Planning for College

Attending college requires careful planning in order to ensure you enroll properly, and have your tuition payments in order. These articles will help explain everything from the admission process to financial aid.

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During a downturn in the economy, it's likely that the number of people seeking out an MBA, or Master of Business Administration, will increase. With more people applying to business school, how can you stand out during the admissions process?

By Sarah Winkler

If you're having trouble paying off your student loans, deferment or forbearance may be an option. What's the difference between the two, and how could they help you pay off your debt?

By Susan Sherwood, Ph.D.

Before you can even begin to tackle all the challenges college has in store, you first have to figure out how to pay for it. That's where financial aid can come in handy. But what's the difference between loans and grants, and which is right for you?

By Jennifer Sellers

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There are people out there who don't fear dental work. They're called dentists, and all of those practicing in the United States took the Dental Admission Exam, or DAT. What does the DAT test?

By Julia Layton

A four-year degree at an Ivy League school runs a couple hundred grand, give or take. Fortunately, the Ivies have some great financial aid programs for low-income students -- you might even be surprised by what "low-income" means these days.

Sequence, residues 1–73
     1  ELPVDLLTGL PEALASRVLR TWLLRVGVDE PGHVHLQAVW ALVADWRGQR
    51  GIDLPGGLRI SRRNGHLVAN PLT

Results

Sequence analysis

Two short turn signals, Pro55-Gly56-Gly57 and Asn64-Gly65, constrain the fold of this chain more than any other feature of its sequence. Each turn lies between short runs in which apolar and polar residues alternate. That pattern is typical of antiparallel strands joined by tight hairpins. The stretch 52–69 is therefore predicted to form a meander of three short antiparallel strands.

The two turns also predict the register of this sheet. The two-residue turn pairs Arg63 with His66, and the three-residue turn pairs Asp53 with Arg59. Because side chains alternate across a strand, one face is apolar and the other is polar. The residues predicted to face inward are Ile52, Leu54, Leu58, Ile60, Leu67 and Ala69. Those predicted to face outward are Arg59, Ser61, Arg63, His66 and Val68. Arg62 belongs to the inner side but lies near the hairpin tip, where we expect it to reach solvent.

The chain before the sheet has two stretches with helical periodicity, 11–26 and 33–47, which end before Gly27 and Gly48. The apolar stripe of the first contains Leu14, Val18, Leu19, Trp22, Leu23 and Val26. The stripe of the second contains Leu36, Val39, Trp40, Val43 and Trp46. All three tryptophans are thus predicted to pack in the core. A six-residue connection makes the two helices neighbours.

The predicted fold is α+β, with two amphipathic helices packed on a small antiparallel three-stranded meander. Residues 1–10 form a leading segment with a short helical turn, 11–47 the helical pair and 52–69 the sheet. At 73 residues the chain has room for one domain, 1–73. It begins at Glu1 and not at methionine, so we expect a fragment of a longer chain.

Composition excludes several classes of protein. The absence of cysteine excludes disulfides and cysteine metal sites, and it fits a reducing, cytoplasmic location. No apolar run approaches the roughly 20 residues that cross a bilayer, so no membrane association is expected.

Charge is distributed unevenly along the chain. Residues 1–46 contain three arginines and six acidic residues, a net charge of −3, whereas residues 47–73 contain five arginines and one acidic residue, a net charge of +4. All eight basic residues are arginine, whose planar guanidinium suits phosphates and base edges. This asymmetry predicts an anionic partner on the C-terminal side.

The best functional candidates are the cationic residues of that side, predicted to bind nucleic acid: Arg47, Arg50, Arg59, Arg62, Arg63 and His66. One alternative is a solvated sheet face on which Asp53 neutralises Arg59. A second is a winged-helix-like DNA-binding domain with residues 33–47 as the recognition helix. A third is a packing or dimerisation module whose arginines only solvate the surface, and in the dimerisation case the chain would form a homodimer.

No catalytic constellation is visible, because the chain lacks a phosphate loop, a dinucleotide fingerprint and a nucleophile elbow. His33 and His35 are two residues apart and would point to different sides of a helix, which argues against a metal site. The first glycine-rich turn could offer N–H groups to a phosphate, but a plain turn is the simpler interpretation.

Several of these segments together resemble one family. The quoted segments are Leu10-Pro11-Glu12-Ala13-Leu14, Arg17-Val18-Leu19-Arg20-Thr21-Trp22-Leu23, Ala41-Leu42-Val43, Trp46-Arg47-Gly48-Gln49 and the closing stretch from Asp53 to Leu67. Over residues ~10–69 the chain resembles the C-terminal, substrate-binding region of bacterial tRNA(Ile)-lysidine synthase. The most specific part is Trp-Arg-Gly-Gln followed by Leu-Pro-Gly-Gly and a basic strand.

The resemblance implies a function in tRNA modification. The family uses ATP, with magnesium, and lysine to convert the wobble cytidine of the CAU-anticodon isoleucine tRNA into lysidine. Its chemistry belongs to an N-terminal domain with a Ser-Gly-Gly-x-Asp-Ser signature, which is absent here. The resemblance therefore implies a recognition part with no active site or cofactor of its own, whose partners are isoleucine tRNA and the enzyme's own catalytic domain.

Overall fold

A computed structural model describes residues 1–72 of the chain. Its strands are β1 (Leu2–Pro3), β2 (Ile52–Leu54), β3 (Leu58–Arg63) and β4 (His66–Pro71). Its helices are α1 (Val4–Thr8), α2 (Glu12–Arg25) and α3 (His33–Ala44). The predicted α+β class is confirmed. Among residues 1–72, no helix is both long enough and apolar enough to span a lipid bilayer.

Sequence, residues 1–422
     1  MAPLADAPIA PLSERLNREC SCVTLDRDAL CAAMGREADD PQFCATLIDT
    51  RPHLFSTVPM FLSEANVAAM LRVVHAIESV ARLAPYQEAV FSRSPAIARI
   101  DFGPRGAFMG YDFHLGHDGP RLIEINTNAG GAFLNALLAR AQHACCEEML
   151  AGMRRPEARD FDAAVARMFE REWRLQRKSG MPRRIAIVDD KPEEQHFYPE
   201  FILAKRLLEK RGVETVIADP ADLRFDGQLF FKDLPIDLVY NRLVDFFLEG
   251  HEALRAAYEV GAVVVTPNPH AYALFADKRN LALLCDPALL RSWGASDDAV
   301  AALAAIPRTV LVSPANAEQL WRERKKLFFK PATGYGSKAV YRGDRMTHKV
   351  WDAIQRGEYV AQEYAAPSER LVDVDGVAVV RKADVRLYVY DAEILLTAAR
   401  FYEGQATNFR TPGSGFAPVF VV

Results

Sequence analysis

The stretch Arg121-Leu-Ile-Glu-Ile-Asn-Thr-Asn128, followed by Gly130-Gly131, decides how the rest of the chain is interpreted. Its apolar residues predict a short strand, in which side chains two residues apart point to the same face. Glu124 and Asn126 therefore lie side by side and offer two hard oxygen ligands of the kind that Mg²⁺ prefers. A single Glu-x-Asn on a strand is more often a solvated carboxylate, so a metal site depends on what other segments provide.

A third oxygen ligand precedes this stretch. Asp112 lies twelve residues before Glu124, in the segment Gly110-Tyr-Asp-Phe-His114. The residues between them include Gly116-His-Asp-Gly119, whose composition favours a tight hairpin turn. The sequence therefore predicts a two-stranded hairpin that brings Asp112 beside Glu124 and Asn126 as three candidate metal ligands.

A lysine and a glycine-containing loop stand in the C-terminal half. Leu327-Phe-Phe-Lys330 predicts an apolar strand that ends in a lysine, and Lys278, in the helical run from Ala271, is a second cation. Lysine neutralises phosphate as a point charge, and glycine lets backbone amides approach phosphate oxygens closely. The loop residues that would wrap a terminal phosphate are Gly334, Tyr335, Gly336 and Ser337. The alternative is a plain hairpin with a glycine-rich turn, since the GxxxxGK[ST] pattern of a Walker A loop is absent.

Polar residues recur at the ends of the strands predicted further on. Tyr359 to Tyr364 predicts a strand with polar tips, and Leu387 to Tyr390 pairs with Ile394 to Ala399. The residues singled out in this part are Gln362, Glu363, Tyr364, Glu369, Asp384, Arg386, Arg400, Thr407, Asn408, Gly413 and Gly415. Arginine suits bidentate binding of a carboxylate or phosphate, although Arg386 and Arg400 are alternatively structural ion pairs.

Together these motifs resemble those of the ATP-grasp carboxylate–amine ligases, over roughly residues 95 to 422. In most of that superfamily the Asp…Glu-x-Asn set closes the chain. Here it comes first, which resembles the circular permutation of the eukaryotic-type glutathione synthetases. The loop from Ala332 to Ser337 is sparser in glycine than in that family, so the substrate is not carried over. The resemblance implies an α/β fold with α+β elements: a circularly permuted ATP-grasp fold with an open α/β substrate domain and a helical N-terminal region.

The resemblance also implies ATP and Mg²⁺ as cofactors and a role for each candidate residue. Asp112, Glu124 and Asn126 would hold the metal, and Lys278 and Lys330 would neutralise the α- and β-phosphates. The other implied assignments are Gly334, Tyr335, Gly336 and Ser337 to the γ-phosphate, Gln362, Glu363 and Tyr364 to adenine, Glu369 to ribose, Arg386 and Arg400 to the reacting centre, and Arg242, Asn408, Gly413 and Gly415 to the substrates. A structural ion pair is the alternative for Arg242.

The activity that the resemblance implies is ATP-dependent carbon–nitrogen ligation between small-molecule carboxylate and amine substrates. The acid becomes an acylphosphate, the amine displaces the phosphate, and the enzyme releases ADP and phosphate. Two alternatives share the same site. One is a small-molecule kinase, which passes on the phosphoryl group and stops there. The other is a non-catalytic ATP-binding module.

By Julia Layton

As it gets increasingly difficult for students to pay for college, it helps to know every possible option for financial aid. If your need is exceptional, you can consider a Federal Supplemental Educational Opportunity Grant, which helps out with expenses not covered by other grants or loans.

By Christine Venzon

If you'd like to link your interest in law with your interest in the environment, you might consider a joint degree. But you'll need to jump through some hoops to finance it.

By Patrick J. Kiger

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Private grants are a great way to help you finance your education, but how do you find them? Is there anything special you have to do to qualify for these unusual financial gifts?

By Josh Briggs

Of the many ways to get financial aid while paying for school, work-study programs offer more than just a dollar amount. They can also give students real work experience alongside an hourly wage that can go toward tuition.

By Martha Barksdale

You've taken the LSAT, sent off your college transcripts and filled out the required forms. You're almost done with your law school applications, but now it's time to think about your essay.

By Linda C. Brinson

Are standardized tests the stuff of your nightmares? Find out how you can sleep easy again with these 10 tips for making the GRE less daunting.

By Laurie L. Dove & Patrick Murray

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Applying for postdoctoral positions isn't like other college admissions processes. What kinds of places can you apply to, and what information will you need to submit?

By Tristin Hopper